Systemic Risk and International Portfolio Choice
55 Pages Posted: 30 Nov 2002
Date Written: July 2002
Returns on international equities are characterized by jumps; moreover, these jumps tend to occur at the same time across countries leading to systemic risk. In this paper, we evaluate whether systemic risk reduces substantially the gains from international diversification. First, in order to capture these stylized facts, we develop a model of international equity returns using a multivariate system of jump-diffusion processes where the arrival of jumps is simultaneous across assets. Second, we determine an investor's optimal portfolio for this model of returns. Third, we show how one can estimate the model using the method of moments. Finally, we illustrate our portfolio optimization and estimation procedure by analyzing portfolio choice across a riskless asset, the US equity index, and five international indexes. Our main finding is that, while systemic risk affects the allocation of wealth between the riskless and risky assets, it has a small effect on the composition of the portfolio of only-risky assets, and reduces marginally the gains to a US investor from international diversification: For an investor with a relative risk aversion of 3 and a horizon of one year, the certainty-equivalent cost of ignoring systemic risk is of the order $1 for every $1000 of initial investment. These results are robust to whether the international indexes are for developed or emerging countries, to constraints on borrowing and shortselling, and to reasonable deviations in the value of the parameters around their point estimates; the cost increases with the investment horizon and decreases with risk aversion.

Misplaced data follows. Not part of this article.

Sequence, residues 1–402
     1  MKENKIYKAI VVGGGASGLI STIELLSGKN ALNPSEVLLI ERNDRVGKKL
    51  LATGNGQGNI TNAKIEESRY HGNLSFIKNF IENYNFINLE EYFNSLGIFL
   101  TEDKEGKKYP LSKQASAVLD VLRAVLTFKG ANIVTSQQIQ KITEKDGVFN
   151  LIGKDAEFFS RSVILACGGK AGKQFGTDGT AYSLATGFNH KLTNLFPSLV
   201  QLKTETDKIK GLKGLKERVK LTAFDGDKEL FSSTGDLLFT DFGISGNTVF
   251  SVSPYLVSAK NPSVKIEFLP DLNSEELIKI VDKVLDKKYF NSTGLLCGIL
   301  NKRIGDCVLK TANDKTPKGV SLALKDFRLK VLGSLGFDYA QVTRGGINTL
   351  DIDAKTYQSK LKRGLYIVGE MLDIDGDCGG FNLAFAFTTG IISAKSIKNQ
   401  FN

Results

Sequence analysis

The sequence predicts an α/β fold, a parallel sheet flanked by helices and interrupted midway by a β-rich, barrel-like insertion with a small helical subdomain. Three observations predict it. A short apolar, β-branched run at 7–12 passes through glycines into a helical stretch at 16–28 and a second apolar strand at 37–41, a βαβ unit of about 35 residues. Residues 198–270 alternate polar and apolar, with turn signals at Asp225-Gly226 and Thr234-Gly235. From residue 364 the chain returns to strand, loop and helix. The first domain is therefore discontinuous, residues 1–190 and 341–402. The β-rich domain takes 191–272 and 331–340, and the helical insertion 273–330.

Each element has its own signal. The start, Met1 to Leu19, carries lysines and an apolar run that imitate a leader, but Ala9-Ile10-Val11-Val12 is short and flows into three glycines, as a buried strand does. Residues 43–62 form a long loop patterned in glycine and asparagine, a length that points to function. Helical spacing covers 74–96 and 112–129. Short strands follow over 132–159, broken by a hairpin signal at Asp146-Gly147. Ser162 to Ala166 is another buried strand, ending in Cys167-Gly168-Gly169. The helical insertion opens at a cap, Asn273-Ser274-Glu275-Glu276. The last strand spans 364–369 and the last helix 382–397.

Keywords: asset allocation, contagion, emerging markets, skewness, jump-diffusion processes
JEL Classification: G11, G15, F31
Suggested Citation: Suggested Citation